Promotion of mass education and gender equality has profound implications for political mobilization and levels of child labour
Jasleen Kaur | May 10, 2010
Kerala is a model state for the rest of India to follow, in promoting social development. The state, which was founded in 1956, was one of the poorest states, but in the last few decades it has shown remarkable improvement after universalizing education. It has achieved universal literacy today.
These are the findings of the report “Accelerating Action Against Child Labour', prepared by the International Labour Organization (ILO), which was released on last Friday.
ILO in its report says that Kerala’s performance in promoting mass education and gender equality has had profound implications for political mobilization and levels of child labour.
Dr. George Mathew, director of Institute of Social Science (ISS), a research based organization agrees. He says, “What the central government plans to do now (implementing Right to Free and Compulsory Education Act), we have achieved it decades back. You will not find a single child labour in the state.”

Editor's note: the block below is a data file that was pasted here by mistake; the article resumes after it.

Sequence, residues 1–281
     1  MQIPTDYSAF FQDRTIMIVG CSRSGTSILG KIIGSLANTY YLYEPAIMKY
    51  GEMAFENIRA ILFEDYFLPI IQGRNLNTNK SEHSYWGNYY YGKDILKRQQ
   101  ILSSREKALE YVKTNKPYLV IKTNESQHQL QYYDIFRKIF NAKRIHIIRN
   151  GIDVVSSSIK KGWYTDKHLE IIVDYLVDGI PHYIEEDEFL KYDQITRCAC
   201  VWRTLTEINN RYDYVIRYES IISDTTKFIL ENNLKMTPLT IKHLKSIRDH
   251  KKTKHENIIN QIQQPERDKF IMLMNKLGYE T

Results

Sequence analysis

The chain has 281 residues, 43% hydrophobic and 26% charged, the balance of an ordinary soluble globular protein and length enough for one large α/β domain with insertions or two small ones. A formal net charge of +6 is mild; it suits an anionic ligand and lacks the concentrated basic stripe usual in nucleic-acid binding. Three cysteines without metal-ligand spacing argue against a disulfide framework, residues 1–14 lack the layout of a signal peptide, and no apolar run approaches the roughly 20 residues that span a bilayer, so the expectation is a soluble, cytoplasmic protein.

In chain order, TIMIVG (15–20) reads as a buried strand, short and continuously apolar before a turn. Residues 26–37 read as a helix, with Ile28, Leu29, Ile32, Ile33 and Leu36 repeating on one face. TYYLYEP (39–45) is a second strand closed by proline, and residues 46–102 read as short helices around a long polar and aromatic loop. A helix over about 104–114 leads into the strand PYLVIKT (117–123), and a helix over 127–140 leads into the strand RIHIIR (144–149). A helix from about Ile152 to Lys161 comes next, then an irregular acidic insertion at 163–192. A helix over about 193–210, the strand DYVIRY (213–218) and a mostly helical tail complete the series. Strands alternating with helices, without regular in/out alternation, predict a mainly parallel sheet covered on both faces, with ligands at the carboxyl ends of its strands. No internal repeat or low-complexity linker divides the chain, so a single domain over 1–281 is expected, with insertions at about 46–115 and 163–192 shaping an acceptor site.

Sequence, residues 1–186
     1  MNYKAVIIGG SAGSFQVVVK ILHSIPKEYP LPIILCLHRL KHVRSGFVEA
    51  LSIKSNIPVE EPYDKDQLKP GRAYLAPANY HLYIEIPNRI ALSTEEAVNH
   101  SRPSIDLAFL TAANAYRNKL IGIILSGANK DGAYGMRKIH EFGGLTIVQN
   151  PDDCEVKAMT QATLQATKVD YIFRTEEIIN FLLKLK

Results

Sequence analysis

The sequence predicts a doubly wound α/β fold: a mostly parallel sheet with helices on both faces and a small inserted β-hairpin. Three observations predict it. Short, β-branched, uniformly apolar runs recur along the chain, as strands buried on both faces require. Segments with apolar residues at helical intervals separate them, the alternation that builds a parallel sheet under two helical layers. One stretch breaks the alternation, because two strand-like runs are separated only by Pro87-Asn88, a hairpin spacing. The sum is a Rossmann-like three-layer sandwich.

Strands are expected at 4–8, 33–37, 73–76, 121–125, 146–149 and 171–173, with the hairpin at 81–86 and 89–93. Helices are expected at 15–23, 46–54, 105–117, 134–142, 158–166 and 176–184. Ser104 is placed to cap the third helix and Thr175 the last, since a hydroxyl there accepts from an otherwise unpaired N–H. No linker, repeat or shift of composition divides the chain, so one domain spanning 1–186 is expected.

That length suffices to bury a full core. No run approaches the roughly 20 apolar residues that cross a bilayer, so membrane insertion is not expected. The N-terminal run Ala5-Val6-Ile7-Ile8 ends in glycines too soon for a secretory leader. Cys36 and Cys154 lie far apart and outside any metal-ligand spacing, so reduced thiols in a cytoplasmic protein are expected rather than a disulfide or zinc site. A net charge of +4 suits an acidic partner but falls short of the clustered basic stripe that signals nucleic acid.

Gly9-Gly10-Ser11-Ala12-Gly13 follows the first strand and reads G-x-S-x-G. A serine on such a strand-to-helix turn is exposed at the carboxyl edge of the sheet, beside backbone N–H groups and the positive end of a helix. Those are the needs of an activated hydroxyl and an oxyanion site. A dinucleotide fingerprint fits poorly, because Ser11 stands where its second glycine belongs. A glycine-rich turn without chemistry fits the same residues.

He added that this achievement is because of the people's will and it was not imposed from the top.
The report also says, that the state has consistently spent a higher proportion of government expenditure on primary education than most of other states. In the early 1960s, Kerala was spending 35 per cent of state revenues on education, considerably more than richer states. And today, unlike in other states, most primary school-age children go to state-run or state-supported schools in Kerala.
Also, the work participation rate of children here, in the early 1970s, was 1.9 per cent, compared to the all-India figure of 7.1 per cent.
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